A PRO is defined as any report of the status of a patient’s health condition that comes directly from the patient without interpretation of the patient’s response by a clinician or anyone else [4]. In clinical trials, PRO instruments can be used to measure the effect of a medical intervention on one or more concepts – such as symptoms, functioning, severity of disease, or HRQL. Given the armamentarium of potent HAART regimens available today, HIV infection has been transformed from a terminal illness into a chronic condition. As such, there is a strong case for evaluating the impact of antiretroviral therapies on broader aspects of patient’s lives, including psychological health and emotional adjustment. The majority of published comparative treatment studies that include PROs are limited to comparing differences between protease inhibitor (PI) and non-nucleoside reverse transcriptase inhibitor (NNRTI)-based regimens. This may be due in part to the fact that for several years, treatment guidelines have recommended initiating HAART with two NRTIs plus either an NNRTI or a boosted PI [5, 6]. However, this broad comparison may miss important distinctions among regimens that are related to within-class PRO differences.

Although five NNRTIs have received Food and Drug Administration (FDA) approval to date, European AIDS Clinical Society (EACS) and DHHS treatment guidelines recommend efavirenz (EFV) as the NNRTI of choice to be used in most treatment-naïve HIV-infected adults initiating NNRTI-based therapy [3, 6]. Other recommended NNRTIs include nevirapine (NVP) and rilpivirine (RVP). In the absence of head-to-head comparative clinical trials demonstrating clinical superiority of one NNRTI over another, PROs become an important tool for identifying treatment differences and informing treatment choices. A necessary first step to understanding differences among specific NNRTIs is to examine the PRO instruments being used in clinical trials and the aspects of health they measure. Therefore, the purpose of this study was to identify and classify PRO instruments used to measure treatment effects in clinical trials evaluating NNRTIs.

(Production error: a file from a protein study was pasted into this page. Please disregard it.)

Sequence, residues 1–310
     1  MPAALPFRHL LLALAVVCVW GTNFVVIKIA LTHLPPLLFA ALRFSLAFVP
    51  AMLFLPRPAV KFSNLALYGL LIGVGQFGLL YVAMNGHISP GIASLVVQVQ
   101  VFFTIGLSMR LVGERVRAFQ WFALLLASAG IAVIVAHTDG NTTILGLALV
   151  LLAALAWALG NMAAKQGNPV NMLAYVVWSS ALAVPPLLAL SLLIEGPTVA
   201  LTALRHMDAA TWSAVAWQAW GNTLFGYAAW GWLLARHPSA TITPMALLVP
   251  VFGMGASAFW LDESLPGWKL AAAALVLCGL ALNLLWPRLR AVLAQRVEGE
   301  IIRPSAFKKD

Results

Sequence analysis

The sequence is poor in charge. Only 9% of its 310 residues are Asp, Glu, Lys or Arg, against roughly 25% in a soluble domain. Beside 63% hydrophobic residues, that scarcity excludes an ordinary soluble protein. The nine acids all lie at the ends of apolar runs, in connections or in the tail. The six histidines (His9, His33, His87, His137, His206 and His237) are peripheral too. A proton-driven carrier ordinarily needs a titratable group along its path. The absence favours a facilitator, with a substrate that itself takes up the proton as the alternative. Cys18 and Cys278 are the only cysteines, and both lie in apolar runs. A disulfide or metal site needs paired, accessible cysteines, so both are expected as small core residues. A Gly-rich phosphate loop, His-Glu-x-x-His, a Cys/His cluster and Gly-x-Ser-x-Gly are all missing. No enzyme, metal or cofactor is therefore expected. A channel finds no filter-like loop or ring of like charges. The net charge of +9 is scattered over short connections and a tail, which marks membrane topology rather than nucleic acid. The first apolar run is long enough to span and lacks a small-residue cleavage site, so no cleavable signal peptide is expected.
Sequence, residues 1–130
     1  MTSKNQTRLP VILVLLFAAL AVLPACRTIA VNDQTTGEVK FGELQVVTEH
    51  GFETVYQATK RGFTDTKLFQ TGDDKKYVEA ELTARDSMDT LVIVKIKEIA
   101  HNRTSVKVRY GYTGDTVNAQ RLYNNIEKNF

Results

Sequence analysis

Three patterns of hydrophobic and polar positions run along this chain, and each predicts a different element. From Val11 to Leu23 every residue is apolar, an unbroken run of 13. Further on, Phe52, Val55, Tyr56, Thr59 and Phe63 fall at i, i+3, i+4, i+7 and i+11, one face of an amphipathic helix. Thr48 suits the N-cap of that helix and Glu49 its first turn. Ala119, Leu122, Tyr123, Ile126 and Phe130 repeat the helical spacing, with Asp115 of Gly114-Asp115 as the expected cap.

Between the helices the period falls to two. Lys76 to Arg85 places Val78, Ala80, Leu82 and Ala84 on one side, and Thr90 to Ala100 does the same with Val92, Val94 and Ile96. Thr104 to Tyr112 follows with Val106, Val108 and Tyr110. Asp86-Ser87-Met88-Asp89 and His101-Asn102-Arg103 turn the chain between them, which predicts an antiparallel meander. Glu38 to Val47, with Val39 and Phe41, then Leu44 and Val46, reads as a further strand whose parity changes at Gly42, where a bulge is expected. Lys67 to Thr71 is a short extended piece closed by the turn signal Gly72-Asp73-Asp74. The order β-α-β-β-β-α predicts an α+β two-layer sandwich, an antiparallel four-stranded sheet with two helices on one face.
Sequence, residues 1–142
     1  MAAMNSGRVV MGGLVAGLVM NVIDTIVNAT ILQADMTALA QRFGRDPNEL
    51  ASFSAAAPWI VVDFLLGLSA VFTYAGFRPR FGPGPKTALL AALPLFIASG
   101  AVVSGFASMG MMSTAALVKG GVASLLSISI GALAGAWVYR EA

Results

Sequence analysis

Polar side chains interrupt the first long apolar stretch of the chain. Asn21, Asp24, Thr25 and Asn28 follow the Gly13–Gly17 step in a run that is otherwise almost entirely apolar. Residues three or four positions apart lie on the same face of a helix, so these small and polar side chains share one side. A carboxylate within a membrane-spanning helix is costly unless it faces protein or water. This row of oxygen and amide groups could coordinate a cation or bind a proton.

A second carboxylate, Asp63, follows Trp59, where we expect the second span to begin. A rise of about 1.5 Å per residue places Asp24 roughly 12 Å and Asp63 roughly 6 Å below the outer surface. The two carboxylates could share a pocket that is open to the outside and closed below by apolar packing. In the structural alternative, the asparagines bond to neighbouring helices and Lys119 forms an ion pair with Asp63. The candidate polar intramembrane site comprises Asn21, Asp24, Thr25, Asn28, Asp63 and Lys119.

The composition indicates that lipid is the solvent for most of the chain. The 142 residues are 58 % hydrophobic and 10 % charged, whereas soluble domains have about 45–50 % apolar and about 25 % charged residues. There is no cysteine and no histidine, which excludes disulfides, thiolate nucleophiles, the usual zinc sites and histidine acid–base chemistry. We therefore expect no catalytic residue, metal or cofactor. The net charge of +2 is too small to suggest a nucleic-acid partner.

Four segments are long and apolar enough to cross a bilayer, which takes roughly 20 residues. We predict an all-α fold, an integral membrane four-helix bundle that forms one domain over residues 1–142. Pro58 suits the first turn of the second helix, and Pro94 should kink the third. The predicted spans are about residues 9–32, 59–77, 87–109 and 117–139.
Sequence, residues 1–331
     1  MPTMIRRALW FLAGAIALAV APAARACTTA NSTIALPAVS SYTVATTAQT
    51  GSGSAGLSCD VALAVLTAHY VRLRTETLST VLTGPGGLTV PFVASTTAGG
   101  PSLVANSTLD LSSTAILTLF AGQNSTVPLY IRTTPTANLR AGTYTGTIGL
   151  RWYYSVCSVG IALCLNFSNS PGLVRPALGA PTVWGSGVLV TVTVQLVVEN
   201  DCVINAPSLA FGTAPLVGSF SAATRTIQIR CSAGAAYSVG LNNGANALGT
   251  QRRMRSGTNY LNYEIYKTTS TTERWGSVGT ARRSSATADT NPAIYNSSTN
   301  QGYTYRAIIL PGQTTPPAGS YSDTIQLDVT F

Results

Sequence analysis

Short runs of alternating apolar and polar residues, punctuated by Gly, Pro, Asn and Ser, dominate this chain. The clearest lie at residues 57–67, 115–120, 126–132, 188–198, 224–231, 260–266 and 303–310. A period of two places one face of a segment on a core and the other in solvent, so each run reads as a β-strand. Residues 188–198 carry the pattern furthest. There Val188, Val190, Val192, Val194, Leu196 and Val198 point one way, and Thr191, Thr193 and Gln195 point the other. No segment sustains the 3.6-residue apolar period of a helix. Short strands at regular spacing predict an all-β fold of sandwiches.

Methods

Literature search

An electronic search using PubMed was conducted evaluating studies published from March 2003 to February 2013. Our search strategy included a combination of Medical Subject Headings (MeSH) terms for HIV [HIV OR HIV infections], MeSH terms associated with PROs/instruments [questionnaires OR interviews as topic OR quality of life OR patient satisfaction OR self-evaluation programs], Substance Names of NNRTIs [efavirenz OR nevirapine OR delavirdine OR etravirine OR rilpivirine OR efavirenz, emtricitabine, tenofovir disoproxil fumarate drug combination], and clinical trial Publication Types [clinical trial OR clinical trial, phase IV OR clinical trial, phase III OR clinical trial, phase II OR controlled clinical trial OR randomized controlled trial]. A complete list of all search terms used, including terms used in title/abstract searches, is shown in Additional file 1. We limited our search to articles written in English with abstracts available. In addition to the PubMed search, we conducted a manual search of the bibliographies of the electronically-identified primary studies and review articles.